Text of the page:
EDITOR NOTE: Interesting that the number one problem is kitchen waste, then followed by single use plastic. If Mexico is second only to New York City in trash production, a little education could go a long way in teaching methods of compost and recycling, but it's not the easiest routine for families to adopt nor is there much incentive.
Every day, 13 thousand tonnes of garbage is dumped in Mexico City. This means that every citizen produces one kilo of solid waste every day, mainly organic waste and plastic. Before the COVID-19 pandemic, most of this garbage was produced by households and restaurants. But all citizens together are expected to generate 3 thousand tonnes more garbage than usual during their quarantine at home. This means that one of the biggest problems facing the country is that of the excessive generation of waste.
Mexico City, an enormous sprawling city, has struggled with waste for many years. It now ranks as the second biggest producer of waste among the world’s megacities (behind New York City), with waste management systems that cannot keep up with the problem. For most households in the capital, the biggest culprit is kitchen waste, including vegetable, fruit, tortilla and bread waste. In second place we find plastics, often in the form of single -use products, like plastic bottles and disposable plastic bags and packaging. The use of these products have increased during the pandemic as sanitation and convenience is prioritized. Lastly, even though e -waste only represents less than 1% of the total amount of waste produced in Mexico, this number is expanding rapidly.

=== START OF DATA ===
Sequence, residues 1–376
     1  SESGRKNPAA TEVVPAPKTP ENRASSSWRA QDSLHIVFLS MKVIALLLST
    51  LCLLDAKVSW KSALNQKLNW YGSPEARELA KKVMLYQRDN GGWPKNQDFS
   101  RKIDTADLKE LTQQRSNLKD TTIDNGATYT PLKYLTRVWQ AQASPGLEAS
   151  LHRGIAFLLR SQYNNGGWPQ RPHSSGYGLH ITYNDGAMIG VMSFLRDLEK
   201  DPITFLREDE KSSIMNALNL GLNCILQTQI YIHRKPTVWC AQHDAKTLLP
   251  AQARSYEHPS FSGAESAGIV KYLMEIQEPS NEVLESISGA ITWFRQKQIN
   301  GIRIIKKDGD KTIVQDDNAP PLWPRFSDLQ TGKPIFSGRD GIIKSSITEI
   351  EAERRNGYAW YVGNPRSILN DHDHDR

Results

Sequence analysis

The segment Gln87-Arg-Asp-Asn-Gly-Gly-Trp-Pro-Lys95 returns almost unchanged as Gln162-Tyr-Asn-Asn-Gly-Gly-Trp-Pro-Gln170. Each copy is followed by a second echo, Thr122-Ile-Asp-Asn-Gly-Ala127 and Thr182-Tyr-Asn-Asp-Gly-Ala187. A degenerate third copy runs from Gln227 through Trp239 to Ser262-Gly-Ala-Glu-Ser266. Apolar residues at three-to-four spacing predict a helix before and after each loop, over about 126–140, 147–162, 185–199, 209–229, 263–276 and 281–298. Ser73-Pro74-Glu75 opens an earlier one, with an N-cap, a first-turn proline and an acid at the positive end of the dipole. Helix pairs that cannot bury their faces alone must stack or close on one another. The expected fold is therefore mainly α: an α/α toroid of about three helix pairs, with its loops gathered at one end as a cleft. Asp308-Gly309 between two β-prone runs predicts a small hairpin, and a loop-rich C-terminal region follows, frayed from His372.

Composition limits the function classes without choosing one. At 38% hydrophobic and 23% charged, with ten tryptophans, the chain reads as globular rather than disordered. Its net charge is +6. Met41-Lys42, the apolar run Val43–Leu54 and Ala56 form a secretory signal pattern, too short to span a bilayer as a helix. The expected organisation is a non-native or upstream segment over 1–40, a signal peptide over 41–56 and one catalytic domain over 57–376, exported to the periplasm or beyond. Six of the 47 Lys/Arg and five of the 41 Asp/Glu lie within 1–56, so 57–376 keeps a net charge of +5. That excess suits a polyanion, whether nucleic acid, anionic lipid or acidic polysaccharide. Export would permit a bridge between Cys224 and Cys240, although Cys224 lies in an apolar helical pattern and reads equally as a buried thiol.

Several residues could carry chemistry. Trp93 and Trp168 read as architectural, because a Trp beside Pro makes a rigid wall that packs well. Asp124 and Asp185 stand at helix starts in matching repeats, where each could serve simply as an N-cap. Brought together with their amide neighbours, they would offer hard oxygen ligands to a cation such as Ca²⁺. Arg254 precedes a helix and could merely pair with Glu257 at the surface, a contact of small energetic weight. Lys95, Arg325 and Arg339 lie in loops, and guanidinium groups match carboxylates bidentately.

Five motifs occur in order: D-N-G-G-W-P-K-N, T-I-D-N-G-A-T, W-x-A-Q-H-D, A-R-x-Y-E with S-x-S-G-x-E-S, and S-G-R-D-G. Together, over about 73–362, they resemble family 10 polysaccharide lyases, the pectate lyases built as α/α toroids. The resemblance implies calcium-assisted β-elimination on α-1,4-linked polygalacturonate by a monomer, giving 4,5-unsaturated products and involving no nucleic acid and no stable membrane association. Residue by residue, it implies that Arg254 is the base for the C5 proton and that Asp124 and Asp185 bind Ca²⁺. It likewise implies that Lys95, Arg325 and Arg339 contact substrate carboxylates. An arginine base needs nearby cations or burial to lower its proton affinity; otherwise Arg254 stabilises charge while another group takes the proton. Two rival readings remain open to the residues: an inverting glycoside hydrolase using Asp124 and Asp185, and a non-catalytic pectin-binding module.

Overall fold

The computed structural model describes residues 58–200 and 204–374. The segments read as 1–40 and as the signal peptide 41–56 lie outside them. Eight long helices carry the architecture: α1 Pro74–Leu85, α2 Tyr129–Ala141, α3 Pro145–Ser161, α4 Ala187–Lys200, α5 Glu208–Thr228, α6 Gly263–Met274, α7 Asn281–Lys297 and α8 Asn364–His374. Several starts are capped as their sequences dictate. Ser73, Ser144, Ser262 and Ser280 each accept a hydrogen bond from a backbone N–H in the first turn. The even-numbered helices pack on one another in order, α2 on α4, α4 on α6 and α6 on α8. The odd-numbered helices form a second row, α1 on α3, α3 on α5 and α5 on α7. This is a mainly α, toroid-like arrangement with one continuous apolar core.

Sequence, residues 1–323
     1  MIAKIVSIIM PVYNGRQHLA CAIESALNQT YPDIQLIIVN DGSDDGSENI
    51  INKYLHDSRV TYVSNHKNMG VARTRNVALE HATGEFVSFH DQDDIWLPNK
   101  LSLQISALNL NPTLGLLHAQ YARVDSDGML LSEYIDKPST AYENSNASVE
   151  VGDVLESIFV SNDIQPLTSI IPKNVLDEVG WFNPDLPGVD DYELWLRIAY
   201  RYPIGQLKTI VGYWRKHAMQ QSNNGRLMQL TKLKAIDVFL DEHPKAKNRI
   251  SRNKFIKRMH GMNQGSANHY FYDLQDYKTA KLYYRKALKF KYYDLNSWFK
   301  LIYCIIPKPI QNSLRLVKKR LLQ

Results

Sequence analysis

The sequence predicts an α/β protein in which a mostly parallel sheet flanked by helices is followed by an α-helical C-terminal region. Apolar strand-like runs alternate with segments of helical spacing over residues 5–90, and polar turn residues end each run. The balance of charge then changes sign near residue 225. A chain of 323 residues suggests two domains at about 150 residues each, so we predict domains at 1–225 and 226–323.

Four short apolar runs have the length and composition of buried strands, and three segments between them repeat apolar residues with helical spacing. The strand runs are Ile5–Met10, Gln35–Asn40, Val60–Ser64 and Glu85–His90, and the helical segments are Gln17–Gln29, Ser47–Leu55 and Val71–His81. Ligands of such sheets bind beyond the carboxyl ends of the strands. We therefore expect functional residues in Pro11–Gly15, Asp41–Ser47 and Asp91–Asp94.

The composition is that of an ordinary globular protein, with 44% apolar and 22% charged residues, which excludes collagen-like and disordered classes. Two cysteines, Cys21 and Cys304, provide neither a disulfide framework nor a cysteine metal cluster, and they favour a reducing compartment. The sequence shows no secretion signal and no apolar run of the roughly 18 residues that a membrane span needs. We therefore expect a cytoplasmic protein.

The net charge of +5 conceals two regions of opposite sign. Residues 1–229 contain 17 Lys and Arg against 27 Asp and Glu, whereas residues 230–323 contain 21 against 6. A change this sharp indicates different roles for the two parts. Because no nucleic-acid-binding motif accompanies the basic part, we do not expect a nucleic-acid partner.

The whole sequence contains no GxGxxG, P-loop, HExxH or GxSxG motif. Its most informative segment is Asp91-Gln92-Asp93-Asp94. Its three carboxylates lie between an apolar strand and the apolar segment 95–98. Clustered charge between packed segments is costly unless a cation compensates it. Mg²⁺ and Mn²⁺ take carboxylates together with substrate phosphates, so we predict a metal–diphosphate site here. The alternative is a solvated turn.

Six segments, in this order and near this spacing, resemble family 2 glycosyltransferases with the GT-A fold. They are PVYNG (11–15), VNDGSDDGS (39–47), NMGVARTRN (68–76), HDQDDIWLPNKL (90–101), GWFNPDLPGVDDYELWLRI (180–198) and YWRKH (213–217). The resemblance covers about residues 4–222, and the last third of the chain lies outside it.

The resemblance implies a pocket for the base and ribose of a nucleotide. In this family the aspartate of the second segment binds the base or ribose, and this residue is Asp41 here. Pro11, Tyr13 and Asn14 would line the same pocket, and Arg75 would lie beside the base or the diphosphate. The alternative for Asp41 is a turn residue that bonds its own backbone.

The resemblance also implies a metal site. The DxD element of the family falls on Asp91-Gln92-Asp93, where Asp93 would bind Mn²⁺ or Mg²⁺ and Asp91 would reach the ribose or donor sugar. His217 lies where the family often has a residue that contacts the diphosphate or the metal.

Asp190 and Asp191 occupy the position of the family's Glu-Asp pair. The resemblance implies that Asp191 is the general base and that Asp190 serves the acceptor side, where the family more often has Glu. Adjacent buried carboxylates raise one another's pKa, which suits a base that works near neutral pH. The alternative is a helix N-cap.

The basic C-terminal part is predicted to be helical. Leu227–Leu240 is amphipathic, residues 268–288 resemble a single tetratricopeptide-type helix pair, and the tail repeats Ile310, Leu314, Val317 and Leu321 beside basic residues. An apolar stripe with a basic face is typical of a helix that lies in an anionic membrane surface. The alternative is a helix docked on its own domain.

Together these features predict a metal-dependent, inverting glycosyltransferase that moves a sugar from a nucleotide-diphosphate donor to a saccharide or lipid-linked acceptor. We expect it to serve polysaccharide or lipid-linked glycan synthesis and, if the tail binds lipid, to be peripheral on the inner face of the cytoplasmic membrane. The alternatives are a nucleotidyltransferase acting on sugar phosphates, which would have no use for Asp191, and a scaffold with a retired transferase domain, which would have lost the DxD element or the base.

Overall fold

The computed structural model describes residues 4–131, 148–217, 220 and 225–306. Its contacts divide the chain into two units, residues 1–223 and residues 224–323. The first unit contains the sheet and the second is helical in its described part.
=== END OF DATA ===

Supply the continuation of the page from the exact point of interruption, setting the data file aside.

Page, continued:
Studies show that 53.1 million tonnes of waste is produced in all of Mexico annually. With 14.9 million tonnes that could be reused, the lack of infrastructure and regulations in the country have made it difficult to implement new initiatives. Current programmes mostly focus on the country’s city centres, which have better recycling infrastructure, while some outskirt areas still do not have a proper waste management system.